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Eye Care for People With Diabetes

To keep your vision sharp, you’ll want to take especially good care of your health so you can prevent problems related to diabetes.

Over time, high blood sugar can damage the tiny blood vessels in your eyes. That can lead to a condition called diabetic retinopathy. High blood sugar can also lead to cataracts and glaucoma, which occur earlier and more frequently in people with diabetes.

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Diabetes 9 to 5: Tips to Help You Manage Your Diabetes at Work

When television's perennially popular Mary Richards walked into WJM's Minneapolis newsroom in 1970, she did more than show the world a single girl could "make it on her own." The award-winning actress who portrayed her -- Mary Tyler Moore -- also showed us diabetes and a career could coexist. Moore was diagnosed with adult-onset type 1 diabetes in the 1960s, several years before her Emmy-winning show began. But that didn't stop Moore from pursuing her career or turning the world on with a smile...

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Use these 7 strategies to manage your diabetes and protect your eyes:

  1. Schedule appointments with your eye doctor at least once a year so that any problem can be detected early and treated. During your exam, your eye doctor will use special drops to widen (“dilate”) your pupils and check the blood vessels in your eyes for early signs of damage.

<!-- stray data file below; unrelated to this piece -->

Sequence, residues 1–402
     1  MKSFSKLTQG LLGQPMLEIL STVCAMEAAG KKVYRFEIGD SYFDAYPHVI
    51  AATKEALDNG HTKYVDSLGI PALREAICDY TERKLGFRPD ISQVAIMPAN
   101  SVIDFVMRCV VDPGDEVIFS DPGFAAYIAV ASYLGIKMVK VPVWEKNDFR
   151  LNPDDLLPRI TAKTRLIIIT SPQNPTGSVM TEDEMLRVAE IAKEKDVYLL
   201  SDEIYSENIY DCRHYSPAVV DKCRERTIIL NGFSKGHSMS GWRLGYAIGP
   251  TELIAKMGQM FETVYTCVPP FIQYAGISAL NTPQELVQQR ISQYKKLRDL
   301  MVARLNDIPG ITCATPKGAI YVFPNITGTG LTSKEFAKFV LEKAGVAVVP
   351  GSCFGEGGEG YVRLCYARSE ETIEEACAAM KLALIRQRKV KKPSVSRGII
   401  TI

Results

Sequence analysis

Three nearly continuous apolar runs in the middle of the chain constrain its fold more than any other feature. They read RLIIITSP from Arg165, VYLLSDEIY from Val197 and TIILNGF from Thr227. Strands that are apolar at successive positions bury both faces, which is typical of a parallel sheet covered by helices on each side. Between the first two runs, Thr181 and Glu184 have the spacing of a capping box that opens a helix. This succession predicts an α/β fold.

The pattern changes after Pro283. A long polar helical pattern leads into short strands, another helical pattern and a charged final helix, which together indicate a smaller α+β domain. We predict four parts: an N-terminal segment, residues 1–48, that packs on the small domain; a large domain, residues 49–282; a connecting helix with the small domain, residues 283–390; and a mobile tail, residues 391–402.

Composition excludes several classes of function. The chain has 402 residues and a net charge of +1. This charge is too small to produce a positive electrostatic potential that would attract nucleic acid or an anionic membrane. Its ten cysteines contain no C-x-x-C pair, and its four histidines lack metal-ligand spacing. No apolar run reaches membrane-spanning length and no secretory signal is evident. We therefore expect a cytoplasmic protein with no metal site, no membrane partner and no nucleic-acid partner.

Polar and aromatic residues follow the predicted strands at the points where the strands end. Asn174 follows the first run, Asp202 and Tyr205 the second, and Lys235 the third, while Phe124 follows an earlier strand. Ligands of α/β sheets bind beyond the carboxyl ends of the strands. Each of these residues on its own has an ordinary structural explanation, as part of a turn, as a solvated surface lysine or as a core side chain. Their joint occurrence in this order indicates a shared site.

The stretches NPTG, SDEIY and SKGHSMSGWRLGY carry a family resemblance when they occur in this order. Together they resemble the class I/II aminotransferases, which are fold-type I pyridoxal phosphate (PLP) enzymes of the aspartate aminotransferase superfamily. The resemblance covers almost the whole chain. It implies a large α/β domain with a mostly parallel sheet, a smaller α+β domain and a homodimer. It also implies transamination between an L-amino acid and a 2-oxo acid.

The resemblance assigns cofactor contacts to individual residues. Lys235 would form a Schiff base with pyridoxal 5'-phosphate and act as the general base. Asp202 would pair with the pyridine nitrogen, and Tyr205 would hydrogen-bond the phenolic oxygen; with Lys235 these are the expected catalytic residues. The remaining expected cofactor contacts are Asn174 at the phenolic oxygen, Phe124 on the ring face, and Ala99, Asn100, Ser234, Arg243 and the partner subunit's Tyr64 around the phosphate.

2. Stay in control of your blood glucose. If you keep your blood sugar levels steady, you can slow the damage to the tiny blood vessels in your eyes. Several times a year, you should have an A1c blood test. It shows your glucose levels over the past 2 or 3 months. Your result should be around 7% or less.
  3. Keep your blood pressure controlled. High blood pressure alone can lead to eye disease. If you have high blood pressure and diabetes, you need to be even more careful about how you manage your conditions. Ask your doctor to check your blood pressure at every visit. For most people with diabetes, it should be less than 140/80.
  4. Check on your cholesterol levels. All it takes is a blood test to find out how much “bad” (LDL) and “good” (HDL) cholesterol you have. Too much LDL is linked to blood vessel damage.
  5. Eat for wellness. Go for fruits, vegetables, whole grains, and lean protein. If that’s a big change for you, you can get ideas and encouragement from a nutritionist. You can also ask your doctor’s advice about when you should eat and how much is OK if you take insulin.
  6. Don’t smoke. Smoking causes problems with your blood vessels, which makes you more likely to develop eye trouble. It’s not easy to quit, so don’t hesitate to ask your doctor for help. Or go to a support group or quit-smoking program.
  7. Move more. Exercise can have a big influence on blood sugar. If you use insulin or medication to lower your blood sugar, ask your doctor when you should check your levels before and during your workouts. Also ask what type of workout you should do.


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